India’s grievance was about to give way to another of those freefalls into disaster that has come to characterise so many of their Test performances during a year that has delivered MS Dhoni’s team a solitary Test win from nine attempts.

    In all but one of those – the drawn Test against New Zealand at Wellington remembered for Brendon McCullum’s triple century – India has suffered collapses in which five, six, eight or (as at The Oval in August) all 10 wickets have fallen in a clatter for the addition of less than 100 runs.

    This morning’s calamity was 6-72 in fewer than 25 overs but even those confronting numbers don’t do full justice to the speed and indignity with which India hurtled towards defeat.

    In keeping with the stage set by yesterday’s counter-productive baiting of Johnson that helped spark his match-altering innings, the Australian spearhead who had struggled for rhythm and impact until that moment rediscovered his menace and completed the rebuttal of his taunters.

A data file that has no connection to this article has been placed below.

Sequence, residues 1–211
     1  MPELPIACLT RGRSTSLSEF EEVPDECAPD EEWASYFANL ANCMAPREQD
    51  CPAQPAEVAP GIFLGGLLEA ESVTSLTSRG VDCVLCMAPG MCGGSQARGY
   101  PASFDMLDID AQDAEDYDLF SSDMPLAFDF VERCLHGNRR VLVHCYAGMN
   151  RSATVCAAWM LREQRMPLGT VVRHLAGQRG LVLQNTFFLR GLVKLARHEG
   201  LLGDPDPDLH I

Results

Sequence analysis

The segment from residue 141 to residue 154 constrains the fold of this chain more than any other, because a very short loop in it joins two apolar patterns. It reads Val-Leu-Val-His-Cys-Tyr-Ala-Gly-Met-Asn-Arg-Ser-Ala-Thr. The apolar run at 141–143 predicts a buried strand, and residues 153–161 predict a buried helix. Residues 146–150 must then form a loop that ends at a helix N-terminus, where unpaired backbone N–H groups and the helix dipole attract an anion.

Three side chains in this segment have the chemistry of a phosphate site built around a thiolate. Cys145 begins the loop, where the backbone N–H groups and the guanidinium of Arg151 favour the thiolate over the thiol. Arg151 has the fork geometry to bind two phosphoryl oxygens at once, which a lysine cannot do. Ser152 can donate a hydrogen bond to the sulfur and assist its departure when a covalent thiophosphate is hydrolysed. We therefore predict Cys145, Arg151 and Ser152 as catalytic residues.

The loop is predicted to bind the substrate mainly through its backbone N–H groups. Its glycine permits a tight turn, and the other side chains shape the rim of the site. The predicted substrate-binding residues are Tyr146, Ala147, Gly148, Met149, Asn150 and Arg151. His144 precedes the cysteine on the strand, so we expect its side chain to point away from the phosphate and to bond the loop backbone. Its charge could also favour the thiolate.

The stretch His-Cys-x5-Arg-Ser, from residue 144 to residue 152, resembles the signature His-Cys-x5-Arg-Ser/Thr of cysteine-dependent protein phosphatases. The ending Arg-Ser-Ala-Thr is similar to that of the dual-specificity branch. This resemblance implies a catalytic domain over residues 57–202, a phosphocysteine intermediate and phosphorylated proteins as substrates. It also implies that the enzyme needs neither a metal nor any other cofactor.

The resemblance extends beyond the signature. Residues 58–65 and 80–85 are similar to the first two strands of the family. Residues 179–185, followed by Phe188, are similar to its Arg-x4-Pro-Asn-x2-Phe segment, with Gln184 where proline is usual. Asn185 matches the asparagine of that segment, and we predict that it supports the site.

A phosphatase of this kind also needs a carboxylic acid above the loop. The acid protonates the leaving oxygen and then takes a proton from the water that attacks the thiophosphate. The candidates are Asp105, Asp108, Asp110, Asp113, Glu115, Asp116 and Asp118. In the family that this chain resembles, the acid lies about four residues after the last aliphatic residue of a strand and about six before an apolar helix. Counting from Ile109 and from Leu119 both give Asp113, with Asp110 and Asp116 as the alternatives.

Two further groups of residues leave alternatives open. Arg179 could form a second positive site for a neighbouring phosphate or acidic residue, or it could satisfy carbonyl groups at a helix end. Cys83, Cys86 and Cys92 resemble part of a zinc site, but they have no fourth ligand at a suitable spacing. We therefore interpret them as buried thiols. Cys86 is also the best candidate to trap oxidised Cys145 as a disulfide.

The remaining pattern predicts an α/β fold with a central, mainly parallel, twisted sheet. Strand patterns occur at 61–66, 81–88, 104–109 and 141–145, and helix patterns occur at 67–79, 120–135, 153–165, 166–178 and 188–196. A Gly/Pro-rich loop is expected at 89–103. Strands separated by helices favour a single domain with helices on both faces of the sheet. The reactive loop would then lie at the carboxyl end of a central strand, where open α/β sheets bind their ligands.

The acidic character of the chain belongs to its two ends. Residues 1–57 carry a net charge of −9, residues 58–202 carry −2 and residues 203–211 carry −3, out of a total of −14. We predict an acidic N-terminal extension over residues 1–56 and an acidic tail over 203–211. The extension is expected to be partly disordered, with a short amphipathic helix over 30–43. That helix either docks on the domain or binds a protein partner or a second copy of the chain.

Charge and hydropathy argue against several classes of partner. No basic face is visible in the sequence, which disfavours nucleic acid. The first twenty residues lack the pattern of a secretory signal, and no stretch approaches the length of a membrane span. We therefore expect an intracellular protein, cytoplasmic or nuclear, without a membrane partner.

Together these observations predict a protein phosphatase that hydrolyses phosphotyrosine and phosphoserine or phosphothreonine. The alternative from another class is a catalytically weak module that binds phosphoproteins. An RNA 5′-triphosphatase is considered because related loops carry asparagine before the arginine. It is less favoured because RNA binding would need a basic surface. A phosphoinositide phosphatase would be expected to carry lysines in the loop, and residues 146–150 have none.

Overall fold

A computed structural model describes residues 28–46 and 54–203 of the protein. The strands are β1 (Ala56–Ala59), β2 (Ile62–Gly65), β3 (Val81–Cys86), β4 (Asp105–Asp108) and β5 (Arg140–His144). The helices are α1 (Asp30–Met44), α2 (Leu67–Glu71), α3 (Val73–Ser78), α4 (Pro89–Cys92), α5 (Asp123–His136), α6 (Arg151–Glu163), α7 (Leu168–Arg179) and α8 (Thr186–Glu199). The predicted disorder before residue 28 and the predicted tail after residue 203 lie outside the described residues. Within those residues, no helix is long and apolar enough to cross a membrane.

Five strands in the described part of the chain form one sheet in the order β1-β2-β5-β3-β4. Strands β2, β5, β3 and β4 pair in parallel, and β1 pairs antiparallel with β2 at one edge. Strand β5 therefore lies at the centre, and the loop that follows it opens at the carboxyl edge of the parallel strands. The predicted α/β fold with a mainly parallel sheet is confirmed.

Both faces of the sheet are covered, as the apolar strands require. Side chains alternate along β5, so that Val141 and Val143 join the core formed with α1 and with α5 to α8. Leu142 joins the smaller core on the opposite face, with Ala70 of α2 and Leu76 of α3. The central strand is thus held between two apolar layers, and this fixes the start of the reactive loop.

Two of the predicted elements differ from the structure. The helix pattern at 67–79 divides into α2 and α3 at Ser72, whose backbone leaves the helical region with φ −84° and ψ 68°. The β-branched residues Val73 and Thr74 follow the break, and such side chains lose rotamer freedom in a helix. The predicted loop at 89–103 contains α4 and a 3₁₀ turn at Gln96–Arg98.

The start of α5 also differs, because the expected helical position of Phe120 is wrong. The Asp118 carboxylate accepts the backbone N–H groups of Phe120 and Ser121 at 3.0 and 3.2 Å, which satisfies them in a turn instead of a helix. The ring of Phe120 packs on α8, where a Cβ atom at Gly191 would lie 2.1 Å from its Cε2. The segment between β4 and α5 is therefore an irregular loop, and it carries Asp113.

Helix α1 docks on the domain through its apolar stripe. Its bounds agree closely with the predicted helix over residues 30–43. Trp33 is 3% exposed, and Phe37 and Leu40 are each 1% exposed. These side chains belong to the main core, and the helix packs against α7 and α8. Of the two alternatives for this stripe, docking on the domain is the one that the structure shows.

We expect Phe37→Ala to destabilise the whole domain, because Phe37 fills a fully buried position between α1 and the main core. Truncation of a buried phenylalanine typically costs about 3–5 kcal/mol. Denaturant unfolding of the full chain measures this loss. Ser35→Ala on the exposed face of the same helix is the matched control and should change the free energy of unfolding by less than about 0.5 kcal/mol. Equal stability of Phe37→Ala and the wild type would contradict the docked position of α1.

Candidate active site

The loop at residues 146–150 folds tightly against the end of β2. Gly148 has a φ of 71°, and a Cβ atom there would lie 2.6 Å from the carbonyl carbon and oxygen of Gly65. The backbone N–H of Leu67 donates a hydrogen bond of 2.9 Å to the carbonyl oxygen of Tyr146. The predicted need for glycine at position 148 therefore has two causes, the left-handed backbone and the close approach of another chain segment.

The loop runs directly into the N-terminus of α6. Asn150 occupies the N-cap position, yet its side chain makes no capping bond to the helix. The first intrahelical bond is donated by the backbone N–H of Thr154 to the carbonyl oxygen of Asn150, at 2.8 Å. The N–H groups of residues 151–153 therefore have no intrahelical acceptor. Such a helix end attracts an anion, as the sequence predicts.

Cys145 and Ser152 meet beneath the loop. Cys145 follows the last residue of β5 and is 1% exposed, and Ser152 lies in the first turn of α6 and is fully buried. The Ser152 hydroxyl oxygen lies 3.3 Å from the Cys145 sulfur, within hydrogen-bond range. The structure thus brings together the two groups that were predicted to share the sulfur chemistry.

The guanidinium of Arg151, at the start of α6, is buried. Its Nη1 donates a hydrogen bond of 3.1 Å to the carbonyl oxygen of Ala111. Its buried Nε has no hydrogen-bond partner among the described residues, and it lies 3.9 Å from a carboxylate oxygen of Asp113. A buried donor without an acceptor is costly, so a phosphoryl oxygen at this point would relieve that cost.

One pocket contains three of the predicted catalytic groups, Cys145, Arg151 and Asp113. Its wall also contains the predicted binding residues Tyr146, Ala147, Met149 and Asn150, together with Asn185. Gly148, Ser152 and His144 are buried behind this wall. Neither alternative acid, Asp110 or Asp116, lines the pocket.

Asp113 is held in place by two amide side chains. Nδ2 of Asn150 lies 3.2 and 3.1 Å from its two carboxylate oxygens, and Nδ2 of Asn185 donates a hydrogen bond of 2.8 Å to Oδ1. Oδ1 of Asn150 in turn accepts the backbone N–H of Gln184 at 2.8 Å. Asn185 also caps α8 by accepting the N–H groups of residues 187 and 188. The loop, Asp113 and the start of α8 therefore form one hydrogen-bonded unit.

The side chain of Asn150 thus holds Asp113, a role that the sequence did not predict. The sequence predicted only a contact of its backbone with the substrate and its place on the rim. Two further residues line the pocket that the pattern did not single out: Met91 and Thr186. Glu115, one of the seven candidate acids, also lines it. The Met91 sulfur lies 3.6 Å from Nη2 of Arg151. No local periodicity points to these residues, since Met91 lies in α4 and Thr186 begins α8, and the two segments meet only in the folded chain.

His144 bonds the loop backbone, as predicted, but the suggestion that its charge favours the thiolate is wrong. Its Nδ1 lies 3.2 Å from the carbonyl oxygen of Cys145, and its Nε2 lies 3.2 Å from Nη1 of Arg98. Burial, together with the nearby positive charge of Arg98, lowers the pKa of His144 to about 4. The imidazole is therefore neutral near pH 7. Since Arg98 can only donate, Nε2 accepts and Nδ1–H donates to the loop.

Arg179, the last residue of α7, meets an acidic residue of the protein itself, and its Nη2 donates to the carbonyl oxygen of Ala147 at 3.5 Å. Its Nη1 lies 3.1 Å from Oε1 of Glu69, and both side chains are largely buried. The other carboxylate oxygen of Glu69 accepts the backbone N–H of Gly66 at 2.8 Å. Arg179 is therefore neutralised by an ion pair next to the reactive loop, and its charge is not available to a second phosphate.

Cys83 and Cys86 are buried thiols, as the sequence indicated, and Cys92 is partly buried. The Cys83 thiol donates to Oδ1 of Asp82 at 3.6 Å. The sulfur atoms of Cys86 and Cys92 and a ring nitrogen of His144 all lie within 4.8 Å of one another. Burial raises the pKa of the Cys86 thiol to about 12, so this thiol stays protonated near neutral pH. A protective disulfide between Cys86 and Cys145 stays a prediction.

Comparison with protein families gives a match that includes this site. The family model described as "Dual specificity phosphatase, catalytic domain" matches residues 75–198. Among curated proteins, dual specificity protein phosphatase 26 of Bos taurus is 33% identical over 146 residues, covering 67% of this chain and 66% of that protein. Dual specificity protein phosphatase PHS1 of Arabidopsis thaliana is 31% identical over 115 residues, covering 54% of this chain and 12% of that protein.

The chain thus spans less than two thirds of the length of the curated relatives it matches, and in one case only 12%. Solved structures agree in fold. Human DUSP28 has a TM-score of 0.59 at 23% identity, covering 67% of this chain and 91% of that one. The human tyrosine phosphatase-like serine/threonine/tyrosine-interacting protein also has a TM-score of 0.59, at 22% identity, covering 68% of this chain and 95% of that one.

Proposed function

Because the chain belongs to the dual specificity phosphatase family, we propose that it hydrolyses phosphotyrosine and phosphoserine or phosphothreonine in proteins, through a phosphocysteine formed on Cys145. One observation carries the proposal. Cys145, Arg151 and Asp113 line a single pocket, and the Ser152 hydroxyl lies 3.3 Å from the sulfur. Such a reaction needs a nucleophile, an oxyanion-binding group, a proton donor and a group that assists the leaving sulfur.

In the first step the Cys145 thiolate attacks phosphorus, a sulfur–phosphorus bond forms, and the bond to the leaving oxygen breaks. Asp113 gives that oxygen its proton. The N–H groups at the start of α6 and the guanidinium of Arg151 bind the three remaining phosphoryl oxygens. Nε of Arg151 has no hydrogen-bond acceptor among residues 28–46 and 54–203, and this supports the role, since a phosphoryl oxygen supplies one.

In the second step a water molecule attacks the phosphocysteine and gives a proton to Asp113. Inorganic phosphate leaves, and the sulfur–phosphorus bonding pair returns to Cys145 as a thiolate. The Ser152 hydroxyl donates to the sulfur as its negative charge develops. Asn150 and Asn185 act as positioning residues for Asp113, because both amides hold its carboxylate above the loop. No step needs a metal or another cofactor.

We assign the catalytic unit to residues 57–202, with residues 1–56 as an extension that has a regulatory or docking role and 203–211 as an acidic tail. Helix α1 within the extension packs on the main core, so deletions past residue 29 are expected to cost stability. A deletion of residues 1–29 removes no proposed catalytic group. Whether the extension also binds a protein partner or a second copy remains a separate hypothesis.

Having skittled the stumps of Kohli, whose chirpiness in the field yesterday gave way to silent disbelief when he stood as if frozen for what seemed a minute before dragging himself from the scene, Johnson followed up with a brutal throat ball to Ajinkya Rahane in his next over.

    Rahane’s instinctive parry gifted Nathan Lyon the first of two of the simplest catches any gully fielder could hope for, and then Johnson narrowed his sights on Rohit Sharma who he had identified as India’s chief provocateur from the previous afternoon.

    One story circulating then suggested Sharma had greeted Johnson – who had bowled without success in India’s first innings – with a “how many wickets have you got in this match?”, or something similar.